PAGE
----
“The Gay Villain Rides Again: The History of A Queer Biker” by Migueltzinta C. Solís
Performance lecture, 16 April 2021
Co-presented by the University of Lethbridge and Queer/Disrupt (UK)
By Lauren Gabrielle Fournier
TW/CW: Mention of residential schools
“I love a sloppy archive,” Migueltzinta C. Solís says during the Q&A of his recent performance lecture. There is power-to-be-harnessed in the mess, in the slop, in the spaces that resist sanitization and homogenization, that resist ossification. There is power in the sour spaces, the spaces where one can harness the possibilities of art practice, including performance and parafiction (art and literary work in which fiction is presented as fact), in history-making, in the resisting of the power of singular status-quo narratives that uphold those in power and protect them from being questioned. And at a time when the very grim aspects of Canada’s history are being revealed—with the unearthing of the remains of hundreds of Indigenous children at the former grounds of a residential school in Kamloops and, more recently, Manitoba—the urgency around Indigenous peoples and other marginalized groups having agency in the telling of history is resounding. These events remind us of the consequentiality of history and how it is told—what is included in historical stories and what is left out. While coverage of recent news events can make it look as though these horrors are outlying events, marking singular “sad days” for Canadians, Indigenous folks will point out, rightly, that these horrific, genocidal events are at the heart of the very founding of Canada—a colonial country on stolen, Indigenous lands, with very long histories for thousands of different Indigenous groups.
With the colonialization of lands comes other colonial inheritances, including the University. Academia and its rituals, methods, and languages are another impact of European colonialization, and we are experiencing a moment of reckoning right now. Challenging and subverting colonialist academia from Indigenous, BIPOC, and queer perspectives is a worthy endeavour. In Mestizx artist Migueltzinta C. Solís’s recent performance lecture “The Gay Villain Rides Again: The History of a Queer Biker,” we get what the artist himself calls an “academically-subversive performance.” In it, Solís tells a story from queer history that he happens upon and in some senses discovers; through personal experience, archival research, interviews, reading, and embodied reflection and deduction. As an artist with a background in performance art, Solís experiments with how research can be presented to academic, art, and non-academic communities, and in this way his practice can be said to ‘queer’ academic structures—which includes bringing more depth and breadth to the archives recognized by academic institutions, and “queering” the very methodologies recognized as legitimate and worthwhile in those spaces.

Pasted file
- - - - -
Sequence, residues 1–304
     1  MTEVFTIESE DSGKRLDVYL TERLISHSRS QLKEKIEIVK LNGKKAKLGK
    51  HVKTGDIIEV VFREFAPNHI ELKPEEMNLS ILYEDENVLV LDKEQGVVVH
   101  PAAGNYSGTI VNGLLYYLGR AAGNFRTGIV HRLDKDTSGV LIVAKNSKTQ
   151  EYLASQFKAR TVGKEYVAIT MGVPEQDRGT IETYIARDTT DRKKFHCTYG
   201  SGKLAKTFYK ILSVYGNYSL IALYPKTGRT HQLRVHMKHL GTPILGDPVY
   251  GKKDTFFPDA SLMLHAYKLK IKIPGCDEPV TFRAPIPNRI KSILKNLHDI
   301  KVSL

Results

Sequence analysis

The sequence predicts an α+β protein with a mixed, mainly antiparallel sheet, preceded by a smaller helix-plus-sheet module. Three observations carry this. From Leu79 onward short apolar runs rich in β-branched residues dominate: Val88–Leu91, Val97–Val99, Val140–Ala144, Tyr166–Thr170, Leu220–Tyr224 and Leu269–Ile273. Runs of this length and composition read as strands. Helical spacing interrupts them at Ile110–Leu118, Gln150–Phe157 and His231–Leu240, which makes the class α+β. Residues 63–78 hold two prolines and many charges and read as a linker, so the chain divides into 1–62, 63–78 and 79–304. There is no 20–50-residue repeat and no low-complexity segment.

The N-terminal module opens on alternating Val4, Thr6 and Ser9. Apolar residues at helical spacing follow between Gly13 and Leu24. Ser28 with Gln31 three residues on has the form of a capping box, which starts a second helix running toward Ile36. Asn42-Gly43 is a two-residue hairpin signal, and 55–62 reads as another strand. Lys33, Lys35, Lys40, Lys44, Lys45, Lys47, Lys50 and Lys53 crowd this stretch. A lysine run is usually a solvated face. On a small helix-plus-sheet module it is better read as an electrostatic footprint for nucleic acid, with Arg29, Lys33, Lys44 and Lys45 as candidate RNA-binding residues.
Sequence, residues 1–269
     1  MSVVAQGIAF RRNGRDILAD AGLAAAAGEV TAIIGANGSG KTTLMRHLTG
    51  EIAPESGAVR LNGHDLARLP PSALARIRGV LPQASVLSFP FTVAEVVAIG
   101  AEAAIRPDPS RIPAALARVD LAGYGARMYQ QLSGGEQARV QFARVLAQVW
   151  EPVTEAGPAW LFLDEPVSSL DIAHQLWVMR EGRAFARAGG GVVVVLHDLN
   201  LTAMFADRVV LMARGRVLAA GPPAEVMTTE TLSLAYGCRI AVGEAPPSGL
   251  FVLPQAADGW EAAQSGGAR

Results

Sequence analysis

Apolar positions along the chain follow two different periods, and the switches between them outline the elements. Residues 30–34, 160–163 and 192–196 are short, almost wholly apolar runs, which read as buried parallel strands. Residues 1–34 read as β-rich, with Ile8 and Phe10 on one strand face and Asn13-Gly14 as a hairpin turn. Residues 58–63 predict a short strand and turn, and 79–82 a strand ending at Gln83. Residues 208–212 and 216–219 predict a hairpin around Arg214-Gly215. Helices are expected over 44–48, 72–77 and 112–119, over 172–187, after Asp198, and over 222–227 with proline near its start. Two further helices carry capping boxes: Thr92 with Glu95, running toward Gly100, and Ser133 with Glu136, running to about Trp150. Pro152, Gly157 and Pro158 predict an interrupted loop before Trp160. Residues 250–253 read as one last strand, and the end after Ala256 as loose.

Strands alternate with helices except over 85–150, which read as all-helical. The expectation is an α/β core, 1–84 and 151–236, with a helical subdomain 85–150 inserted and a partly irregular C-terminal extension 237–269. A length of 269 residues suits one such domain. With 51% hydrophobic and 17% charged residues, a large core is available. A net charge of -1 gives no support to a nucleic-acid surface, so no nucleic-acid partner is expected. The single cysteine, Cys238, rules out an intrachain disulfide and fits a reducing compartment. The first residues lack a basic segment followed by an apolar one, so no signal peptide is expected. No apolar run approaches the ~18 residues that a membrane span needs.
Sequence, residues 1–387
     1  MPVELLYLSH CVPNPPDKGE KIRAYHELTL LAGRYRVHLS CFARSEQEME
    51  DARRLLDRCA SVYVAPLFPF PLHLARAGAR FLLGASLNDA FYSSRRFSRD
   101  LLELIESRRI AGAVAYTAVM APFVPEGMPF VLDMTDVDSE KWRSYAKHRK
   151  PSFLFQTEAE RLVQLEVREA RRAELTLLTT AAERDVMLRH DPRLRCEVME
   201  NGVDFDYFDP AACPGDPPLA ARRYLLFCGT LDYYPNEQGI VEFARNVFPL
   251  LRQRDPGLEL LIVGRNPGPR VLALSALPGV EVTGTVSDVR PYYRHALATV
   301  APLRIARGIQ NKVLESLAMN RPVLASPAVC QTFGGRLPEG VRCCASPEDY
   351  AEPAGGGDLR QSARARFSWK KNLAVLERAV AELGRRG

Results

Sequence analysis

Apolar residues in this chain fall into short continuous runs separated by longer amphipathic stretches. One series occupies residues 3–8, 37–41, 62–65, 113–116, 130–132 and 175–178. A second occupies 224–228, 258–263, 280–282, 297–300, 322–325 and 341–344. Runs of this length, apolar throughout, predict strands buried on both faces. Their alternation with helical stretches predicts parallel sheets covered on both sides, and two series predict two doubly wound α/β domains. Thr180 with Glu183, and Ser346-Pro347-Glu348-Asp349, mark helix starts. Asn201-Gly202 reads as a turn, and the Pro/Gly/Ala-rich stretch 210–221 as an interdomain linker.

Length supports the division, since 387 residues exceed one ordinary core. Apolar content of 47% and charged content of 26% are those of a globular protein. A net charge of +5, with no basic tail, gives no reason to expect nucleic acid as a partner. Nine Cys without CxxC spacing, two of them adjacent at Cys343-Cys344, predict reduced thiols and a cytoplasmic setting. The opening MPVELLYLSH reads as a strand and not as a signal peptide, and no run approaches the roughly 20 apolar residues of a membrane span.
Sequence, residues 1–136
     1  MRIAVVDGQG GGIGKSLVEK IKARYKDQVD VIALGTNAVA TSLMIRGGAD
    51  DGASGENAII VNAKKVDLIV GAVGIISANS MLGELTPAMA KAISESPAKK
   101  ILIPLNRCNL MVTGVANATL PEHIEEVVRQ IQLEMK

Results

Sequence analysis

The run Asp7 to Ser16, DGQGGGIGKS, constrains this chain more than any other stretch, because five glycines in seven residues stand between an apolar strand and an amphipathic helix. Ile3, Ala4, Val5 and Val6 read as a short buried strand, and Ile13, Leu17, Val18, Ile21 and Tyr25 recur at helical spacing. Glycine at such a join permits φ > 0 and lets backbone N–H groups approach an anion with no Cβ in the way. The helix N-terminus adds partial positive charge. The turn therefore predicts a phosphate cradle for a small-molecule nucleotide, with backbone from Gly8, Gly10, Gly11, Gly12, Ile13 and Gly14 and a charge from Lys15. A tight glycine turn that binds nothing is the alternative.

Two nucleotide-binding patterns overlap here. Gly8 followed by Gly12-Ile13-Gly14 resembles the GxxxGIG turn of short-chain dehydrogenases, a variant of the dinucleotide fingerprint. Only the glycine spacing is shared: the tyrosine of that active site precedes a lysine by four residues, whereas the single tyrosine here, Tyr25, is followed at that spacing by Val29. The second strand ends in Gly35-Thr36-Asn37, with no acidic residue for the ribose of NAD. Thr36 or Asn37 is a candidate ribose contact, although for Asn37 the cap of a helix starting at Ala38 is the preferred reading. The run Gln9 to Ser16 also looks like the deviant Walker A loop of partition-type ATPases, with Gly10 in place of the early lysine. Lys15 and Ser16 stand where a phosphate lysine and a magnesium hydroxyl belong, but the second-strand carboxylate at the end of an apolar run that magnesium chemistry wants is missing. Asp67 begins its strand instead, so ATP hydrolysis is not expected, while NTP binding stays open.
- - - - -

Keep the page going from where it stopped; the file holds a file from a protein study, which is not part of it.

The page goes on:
The turning toward history from one’s personal and research-based art practice seems particularly generative in a present moment where issues from “history” are urgent and still being processed and uncovered—including the aforementioned news about Canada’s residential schools, and the challenging of the names of many Canadian universities, including Ryerson University, named after one of the architects of the so-named Indian residential school system. The tendency for queer artists to engage with history and the archive is common, often as a way for queers to find their “ancestors” and better understand their own selves and sense of belonging in history. Other queer artists working on the colonized lands of so-called Canada, like Cait McKinney and Hazel Meyer (their collaborations at the Toronto Reference Library and the Canadian Lesbian and Gay Archive in Toronto, for example), have used the performance lecture format to present their embodied findings as queer settlers engaging in the writing of queer histories and interventions in the archive. Solís extends the performance lecture from his perspective as a queer artist, Indigenous to Mexico but situated today on Treaty 7 Blackfoot territory, to reveal the changeability of history as a story. Indeed, the telling of “history” is always the telling of a story, from a particular, subjective perspective, even as there might be rhetorical attempts at objectivity by those who self-identify as historians.